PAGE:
Amazon's 'Alexa' able to give CPR instructions
The voice-activated device first tells the user to call 911 before offering other instructions
DALLAS — The voice-activated Amazon Echo device answers thousands of everyday requests, like setting a timer, playing music, ordering a pizza or changing a thermostat.
Now, this device can help save someone’s life.
Alexa, the friendly voice of the Amazon Echo, will for the first time give all three instructions for CPR, heart attack and stroke warning signs. The information is crucial because prompt medical attention can make the difference between life or death, or significant disability, said Robert Neumar, M.D., Ph.D., chair of emergency medicine at the University of Michigan Medical School.
“Any system that can reliably reduce delays in medical care for cardiac arrest, heart attack and stroke has the potential to improve health outcomes,” Neumar said.
To access this new information, people simply ask Alexa, starting with the phrase “Alexa, ask American Heart” to ensure they’re hearing the science-based information from the American Heart Association. So, you would say:
- “Alexa, ask American Heart … how do I perform CPR?”
- “Alexa, ask American Heart … what are the warning signs of a heart attack?”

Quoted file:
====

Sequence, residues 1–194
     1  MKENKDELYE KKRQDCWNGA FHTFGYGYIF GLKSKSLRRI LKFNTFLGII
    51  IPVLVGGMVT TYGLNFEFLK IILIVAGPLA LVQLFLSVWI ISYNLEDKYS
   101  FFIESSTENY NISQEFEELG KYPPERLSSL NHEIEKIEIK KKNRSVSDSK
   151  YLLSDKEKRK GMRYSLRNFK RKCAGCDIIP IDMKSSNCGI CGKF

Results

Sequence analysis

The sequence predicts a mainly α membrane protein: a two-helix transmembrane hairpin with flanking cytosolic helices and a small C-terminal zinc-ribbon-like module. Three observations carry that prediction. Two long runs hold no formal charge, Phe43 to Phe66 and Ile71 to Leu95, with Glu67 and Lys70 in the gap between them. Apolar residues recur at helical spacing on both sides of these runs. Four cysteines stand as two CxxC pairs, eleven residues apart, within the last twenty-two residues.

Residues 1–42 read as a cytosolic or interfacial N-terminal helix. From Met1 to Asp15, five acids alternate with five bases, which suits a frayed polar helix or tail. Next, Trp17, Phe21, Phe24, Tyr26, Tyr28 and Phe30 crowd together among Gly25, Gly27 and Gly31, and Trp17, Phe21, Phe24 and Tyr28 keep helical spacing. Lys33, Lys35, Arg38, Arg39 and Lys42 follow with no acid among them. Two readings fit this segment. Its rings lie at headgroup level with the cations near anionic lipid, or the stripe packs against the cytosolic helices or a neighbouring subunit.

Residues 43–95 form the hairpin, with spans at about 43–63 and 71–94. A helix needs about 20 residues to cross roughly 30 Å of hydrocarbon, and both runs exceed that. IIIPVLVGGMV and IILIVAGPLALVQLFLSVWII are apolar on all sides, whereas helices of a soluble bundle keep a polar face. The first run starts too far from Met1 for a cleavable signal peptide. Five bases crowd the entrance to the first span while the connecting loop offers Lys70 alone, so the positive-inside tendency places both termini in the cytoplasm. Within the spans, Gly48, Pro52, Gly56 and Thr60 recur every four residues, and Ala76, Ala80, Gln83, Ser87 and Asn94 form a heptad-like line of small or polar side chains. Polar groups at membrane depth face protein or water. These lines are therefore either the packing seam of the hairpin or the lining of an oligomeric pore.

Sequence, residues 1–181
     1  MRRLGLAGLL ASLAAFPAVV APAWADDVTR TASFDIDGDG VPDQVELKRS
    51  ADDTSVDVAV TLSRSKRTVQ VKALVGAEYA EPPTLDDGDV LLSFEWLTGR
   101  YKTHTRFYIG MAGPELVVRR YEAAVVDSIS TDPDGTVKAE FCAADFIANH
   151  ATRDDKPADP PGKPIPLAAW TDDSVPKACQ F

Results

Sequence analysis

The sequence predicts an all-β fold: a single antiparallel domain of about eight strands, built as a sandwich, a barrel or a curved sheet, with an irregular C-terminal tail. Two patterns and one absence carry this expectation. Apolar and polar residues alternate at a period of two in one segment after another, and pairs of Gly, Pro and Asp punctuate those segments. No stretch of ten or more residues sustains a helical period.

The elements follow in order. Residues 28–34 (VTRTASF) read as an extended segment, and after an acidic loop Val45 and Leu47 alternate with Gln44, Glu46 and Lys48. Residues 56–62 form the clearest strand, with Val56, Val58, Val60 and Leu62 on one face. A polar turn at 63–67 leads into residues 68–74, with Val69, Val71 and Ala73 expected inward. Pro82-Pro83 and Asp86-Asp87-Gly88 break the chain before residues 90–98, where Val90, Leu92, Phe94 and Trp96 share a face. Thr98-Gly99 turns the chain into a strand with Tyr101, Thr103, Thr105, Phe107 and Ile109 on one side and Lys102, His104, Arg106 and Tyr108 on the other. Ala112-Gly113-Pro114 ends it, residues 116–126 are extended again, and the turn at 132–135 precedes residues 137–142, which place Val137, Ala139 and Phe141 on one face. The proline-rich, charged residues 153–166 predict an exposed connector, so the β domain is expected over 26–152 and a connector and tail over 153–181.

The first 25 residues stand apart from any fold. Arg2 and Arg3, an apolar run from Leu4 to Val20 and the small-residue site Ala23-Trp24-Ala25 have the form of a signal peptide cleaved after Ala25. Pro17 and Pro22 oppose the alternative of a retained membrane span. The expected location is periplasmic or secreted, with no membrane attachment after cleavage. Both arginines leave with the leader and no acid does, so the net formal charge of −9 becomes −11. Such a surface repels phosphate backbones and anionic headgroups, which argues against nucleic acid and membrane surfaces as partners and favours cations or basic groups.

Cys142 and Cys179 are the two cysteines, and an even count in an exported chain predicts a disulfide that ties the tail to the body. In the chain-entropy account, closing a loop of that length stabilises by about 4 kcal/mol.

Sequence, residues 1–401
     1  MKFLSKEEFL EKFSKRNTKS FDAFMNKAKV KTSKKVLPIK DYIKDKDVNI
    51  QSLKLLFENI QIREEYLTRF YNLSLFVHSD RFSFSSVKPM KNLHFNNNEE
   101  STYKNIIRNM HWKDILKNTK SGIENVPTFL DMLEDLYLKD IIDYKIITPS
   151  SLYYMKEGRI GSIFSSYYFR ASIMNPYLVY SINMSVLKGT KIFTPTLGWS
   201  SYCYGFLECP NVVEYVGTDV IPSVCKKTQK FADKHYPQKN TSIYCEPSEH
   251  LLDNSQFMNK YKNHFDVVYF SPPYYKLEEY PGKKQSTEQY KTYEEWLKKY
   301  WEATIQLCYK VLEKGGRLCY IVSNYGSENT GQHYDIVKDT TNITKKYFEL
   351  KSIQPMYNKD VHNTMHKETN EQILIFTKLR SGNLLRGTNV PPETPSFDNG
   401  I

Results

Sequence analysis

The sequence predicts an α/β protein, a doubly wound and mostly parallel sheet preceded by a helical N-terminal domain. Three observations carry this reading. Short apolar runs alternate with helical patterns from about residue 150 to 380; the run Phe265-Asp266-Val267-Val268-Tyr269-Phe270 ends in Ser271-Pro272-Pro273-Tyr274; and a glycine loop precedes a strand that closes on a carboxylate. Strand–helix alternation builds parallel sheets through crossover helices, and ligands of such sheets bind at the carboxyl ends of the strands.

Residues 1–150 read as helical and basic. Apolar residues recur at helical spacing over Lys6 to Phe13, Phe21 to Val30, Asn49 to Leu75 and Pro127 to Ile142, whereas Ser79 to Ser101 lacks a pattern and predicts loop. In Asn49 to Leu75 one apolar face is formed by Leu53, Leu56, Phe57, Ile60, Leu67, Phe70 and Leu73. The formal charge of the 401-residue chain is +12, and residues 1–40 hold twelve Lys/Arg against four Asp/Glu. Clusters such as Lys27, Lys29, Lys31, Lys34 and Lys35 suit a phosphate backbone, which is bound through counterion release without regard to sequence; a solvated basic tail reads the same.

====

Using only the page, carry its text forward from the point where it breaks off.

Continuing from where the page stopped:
- “Alexa, ask American Heart … what are the warning signs for stroke?”
On average, someone has a stroke every 40 seconds in the U.S. About 2,200 Americans die from cardiovascular diseases each day. Cardiac arrest claims more than 350,000 lives a year. Because these are emergencies requiring urgent treatment, Alexa first tells the user to call 911 before offering other instructions.
There are about 8.2 million Amazon Echo devices in the U.S., according to Consumer Intelligence Research Partners. This year, sales of the Amazon Echo line and newer Google Home devices are projected to reach 4.5 million, according to the Consumer Technology Association.
The ability to easily offer assistance in so many homes is enticing to health care providers, because time is so important.
“Anything we can do to have not only more bystanders do CPR but have them start sooner is likely to have an impact on survival,” Neumar said.
About 70 percent of cardiac arrests happen at home, but victims are half as likely to survive when they are at home as they are in a public setting. One reason could be that no one at home did CPR, Neumar said.
“We need to create a culture where everybody is expected to be able to perform CPR who has the physical capability,” he said. “It’s not feasible to have everybody do a CPR course.”
Alexa offers the steps of hands-only CPR for a teen or adult who suddenly collapses: push hard and fast in the center of the chest at the rate of 100 to 120 beats per minute, the same rate as the classic disco song “Stayin’ Alive.”
Shawn DuBravac, Ph.D., chief economist at the Consumer Technology Association, said he could envision a day when voice-activated services are one day part of the 911 system. A 2015 study reported that about half of all communities do not have 911 dispatchers trained to give CPR instruction, as the AHA recommends.
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